Another ~1960 computer kit

From: <(>
Date: Sat Dec 19 14:28:07 1998

>>But worse still is the fact that back in the early years of this century,
>>it appears that boys - say about 12-15 years old - were expected to try
>>woodwork, metalwork, using a lathe, wiring electric lights, bells,
>>telephones, etc, making induction coils, etc, etc, etc. Things that I bet
>>few boys ever try today. And yet, today, it could be made a little easier
>>for them.

Max wrote:
>There's little need to make coils these days, and wiring electric lights
>isn't very fun when one can play around with things millions of times more

Unfortunately, lots of "fundamental" knowledge gets left out when you
skip electric lights and go to things much more complex.

Clarke's law says that "Any sufficiently advanced technology is
indistinguishable from magic", but as far as I'm concerned light
bulbs, batteries, and wires still have an element of magic. The
concept that by connecting these two pieces of copper, I can make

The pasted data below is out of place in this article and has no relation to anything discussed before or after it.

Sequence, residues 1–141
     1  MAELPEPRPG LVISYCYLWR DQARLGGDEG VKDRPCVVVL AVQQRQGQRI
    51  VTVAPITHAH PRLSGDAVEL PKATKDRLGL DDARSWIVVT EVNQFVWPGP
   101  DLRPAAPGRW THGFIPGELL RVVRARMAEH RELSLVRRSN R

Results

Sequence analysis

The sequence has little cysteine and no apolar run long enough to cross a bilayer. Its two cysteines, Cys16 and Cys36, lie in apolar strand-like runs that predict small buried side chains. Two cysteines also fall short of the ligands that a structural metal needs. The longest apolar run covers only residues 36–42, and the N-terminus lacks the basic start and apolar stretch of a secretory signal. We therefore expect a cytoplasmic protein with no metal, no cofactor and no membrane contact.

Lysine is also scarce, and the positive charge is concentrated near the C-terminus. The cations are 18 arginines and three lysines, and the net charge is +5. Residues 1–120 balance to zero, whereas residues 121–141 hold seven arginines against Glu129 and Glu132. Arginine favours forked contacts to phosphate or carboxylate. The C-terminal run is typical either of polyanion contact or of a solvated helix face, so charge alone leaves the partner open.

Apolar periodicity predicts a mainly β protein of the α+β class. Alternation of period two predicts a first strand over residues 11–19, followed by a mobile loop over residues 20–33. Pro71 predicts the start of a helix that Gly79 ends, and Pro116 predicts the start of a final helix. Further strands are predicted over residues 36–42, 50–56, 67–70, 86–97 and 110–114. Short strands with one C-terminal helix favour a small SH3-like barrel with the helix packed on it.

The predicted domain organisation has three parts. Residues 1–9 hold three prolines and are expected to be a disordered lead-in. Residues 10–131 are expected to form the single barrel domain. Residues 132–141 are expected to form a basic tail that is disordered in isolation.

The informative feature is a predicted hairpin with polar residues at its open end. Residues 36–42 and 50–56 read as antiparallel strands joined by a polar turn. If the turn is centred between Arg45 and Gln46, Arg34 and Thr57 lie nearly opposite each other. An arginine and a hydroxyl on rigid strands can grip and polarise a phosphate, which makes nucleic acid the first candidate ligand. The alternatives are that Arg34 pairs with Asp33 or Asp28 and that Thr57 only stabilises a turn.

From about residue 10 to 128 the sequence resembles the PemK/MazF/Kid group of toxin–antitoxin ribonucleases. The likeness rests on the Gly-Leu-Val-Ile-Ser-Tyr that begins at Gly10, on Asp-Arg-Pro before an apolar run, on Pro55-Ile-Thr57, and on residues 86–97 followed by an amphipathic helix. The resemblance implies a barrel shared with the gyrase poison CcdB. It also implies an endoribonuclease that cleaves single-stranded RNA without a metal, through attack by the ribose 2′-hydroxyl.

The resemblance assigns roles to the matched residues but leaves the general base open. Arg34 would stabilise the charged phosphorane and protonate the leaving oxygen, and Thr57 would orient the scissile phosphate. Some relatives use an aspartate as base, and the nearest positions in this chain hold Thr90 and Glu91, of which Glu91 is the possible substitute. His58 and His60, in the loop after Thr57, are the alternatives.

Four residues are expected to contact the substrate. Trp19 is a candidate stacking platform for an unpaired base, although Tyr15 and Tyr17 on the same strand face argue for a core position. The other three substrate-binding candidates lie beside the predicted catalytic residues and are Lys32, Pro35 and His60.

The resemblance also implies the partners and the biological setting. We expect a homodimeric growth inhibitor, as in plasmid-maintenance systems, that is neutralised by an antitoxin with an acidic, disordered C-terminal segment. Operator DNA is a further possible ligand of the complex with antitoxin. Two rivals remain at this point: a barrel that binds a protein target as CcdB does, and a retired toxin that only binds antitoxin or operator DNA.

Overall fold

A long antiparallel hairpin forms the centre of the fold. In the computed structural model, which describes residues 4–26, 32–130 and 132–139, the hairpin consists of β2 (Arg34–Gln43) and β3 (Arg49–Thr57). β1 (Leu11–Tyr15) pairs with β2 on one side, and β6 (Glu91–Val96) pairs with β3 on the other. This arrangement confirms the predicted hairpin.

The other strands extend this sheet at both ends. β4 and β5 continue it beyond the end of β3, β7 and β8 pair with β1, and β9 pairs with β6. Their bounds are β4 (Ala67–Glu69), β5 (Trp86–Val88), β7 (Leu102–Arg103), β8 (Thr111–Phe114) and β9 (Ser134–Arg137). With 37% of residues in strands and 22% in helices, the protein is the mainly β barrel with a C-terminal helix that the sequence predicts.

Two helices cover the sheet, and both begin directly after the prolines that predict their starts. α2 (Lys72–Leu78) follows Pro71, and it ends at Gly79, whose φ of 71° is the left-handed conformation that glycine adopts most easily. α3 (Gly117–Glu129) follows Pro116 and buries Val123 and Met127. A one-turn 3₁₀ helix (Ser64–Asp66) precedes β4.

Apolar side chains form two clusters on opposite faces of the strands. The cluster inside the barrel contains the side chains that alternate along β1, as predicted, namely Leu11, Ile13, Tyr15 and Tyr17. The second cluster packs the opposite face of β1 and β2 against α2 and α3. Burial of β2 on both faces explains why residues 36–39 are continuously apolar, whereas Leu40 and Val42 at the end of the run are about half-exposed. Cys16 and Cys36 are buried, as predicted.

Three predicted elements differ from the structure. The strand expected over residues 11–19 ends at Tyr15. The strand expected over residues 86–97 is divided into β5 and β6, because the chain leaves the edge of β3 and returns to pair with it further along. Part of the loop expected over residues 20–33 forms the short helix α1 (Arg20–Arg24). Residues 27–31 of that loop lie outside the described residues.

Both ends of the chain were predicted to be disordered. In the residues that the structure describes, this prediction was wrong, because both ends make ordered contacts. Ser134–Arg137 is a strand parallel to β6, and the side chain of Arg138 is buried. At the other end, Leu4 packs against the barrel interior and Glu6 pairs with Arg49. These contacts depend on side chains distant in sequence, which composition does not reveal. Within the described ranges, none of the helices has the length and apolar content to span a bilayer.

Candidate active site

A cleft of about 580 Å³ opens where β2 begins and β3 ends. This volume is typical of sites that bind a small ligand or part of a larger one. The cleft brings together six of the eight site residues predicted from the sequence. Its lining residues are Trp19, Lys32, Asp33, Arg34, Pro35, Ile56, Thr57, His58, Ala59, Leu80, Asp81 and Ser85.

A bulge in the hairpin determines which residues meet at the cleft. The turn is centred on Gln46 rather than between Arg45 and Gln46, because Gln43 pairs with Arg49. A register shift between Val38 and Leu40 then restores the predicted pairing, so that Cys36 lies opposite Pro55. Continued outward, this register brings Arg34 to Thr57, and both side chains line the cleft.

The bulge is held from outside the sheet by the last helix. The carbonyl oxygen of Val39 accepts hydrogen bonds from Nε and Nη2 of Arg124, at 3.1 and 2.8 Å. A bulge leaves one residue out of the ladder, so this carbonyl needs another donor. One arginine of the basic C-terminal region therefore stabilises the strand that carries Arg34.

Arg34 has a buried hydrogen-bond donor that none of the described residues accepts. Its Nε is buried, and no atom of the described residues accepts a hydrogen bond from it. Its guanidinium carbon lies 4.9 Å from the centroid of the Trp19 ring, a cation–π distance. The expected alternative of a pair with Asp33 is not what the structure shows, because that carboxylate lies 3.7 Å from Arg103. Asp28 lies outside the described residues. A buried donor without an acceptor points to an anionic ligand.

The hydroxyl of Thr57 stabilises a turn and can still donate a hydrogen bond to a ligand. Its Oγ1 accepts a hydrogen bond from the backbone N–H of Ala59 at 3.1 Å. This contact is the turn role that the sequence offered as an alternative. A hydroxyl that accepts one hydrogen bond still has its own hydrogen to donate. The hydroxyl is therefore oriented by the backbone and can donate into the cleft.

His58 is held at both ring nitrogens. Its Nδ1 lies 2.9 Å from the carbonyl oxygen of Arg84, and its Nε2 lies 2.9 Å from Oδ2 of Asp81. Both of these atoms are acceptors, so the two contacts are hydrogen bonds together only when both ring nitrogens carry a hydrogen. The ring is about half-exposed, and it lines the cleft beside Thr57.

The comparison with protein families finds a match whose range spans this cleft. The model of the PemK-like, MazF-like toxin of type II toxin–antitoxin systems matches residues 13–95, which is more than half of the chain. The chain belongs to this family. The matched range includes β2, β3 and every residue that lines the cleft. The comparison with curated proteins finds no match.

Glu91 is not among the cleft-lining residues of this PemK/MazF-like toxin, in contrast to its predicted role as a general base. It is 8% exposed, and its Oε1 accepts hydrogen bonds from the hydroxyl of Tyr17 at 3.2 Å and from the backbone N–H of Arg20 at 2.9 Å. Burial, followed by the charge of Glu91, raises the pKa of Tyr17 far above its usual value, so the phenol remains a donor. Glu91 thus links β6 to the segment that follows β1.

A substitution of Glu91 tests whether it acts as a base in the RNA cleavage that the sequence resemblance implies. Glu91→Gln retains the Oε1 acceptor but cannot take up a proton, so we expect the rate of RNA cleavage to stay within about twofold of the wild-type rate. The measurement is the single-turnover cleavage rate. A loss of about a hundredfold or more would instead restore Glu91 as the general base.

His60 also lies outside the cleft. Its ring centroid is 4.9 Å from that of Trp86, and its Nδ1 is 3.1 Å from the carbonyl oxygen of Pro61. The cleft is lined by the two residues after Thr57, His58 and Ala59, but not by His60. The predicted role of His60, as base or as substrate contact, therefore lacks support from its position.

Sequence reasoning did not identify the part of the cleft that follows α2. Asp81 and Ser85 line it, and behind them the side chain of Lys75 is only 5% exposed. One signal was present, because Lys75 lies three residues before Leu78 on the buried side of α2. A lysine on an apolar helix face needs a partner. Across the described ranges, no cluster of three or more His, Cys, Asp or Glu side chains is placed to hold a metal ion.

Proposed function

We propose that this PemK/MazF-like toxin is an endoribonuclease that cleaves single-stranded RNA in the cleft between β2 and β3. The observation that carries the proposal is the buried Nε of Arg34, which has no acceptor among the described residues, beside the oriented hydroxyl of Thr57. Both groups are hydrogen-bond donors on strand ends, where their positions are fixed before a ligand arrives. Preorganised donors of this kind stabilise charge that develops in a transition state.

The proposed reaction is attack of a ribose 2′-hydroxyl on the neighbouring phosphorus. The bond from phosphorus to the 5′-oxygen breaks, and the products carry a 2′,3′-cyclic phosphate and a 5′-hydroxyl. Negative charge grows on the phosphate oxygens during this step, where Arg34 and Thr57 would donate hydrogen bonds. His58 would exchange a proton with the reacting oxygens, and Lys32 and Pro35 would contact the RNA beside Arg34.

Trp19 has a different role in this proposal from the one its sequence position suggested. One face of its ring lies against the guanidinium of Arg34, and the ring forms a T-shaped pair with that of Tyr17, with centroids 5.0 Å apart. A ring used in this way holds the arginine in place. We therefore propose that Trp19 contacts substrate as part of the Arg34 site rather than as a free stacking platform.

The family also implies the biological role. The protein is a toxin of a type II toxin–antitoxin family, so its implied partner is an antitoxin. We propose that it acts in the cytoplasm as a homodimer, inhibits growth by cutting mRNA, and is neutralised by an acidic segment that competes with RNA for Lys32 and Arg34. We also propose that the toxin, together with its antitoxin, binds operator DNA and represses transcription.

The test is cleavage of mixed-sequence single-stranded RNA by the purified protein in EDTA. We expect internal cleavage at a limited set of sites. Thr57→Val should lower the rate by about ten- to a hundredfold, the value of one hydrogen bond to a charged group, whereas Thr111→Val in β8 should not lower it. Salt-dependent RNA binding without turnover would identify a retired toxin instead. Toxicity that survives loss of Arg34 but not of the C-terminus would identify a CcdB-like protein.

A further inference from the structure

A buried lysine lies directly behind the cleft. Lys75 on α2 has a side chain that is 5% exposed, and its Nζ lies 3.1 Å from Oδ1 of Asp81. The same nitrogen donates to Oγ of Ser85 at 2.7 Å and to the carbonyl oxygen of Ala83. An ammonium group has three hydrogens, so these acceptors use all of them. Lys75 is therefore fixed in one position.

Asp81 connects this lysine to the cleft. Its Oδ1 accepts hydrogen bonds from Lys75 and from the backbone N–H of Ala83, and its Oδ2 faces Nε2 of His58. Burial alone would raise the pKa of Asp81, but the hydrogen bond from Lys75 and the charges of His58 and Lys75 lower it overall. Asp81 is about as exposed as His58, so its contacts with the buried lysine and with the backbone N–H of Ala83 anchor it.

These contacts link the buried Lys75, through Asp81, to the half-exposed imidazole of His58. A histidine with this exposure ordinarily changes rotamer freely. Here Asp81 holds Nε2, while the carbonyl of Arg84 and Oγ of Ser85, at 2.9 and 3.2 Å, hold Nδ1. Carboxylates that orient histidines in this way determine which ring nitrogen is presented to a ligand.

a bulb elsewhere glow, is magic in itself. (Even more magical is
what happens when you short out the turns of a hand-cranked magneto
and try turning it...) One has to understand these basic elements
of technological magic if anything worthwhile is going to be done!

Unfortunately, in today's world of glitzy computer graphics and
sound everywhere, many kids feel that somehow unless their creations
live up to to Hollywood standards that they aren't worthwhile. And this
attitude is completely wrong. But talking with educators from
the local kindergarten right up to the Provost of Caltech, I've
come to realize that this is a very real obstacle to teaching
the fundamentals of not only technical subjects, but also of artistic

 Tim Shoppa                        Email:
 Trailing Edge Technology          WWW:
 7328 Bradley Blvd		   Voice: 301-767-5917
 Bethesda, MD, USA 20817           Fax:   301-767-5927
Received on Sat Dec 19 1998 - 14:28:07 GMT

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